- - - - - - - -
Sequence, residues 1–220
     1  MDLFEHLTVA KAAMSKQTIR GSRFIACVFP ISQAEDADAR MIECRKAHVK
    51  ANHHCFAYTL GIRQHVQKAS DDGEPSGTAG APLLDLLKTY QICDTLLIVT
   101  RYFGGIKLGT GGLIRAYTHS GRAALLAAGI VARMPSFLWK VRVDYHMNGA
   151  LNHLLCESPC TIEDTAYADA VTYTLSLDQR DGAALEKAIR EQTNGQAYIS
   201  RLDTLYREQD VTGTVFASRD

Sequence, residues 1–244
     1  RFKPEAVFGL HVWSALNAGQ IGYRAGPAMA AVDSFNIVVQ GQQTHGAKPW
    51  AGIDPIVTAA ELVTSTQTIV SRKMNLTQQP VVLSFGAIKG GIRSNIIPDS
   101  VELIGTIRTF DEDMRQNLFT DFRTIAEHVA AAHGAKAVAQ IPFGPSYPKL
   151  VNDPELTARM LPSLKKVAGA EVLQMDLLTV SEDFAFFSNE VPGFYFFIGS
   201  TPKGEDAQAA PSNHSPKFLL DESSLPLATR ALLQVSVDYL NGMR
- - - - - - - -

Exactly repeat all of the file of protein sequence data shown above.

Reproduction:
Sequence, residues 1–220
     1  MDLFEHLTVA KAAMSKQTIR GSRFIACVFP ISQAEDADAR MIECRKAHVK
    51  ANHHCFAYTL GIRQHVQKAS DDGEPSGTAG APLLDLLKTY QICDTLLIVT
   101  RYFGGIKLGT GGLIRAYTHS GRAALLAAGI VARMPSFLWK VRVDYHMNGA
   151  LNHLLCESPC TIEDTAYADA VTYTLSLDQR DGAALEKAIR EQTNGQAYIS
   201  RLDTLYREQD VTGTVFASRD

Sequence, residues 1–244
     1  RFKPEAVFGL HVWSALNAGQ IGYRAGPAMA AVDSFNIVVQ GQQTHGAKPW
    51  AGIDPIVTAA ELVTSTQTIV SRKMNLTQQP VVLSFGAIKG GIRSNIIPDS
   101  VELIGTIRTF DEDMRQNLFT DFRTIAEHVA AAHGAKAVAQ IPFGPSYPKL
   151  VNDPELTARM LPSLKKVAGA EVLQMDLLTV SEDFAFFSNE VPGFYFFIGS
   201  TPKGEDAQAA PSNHSPKFLL DESSLPLATR ALLQVSVDYL NGMR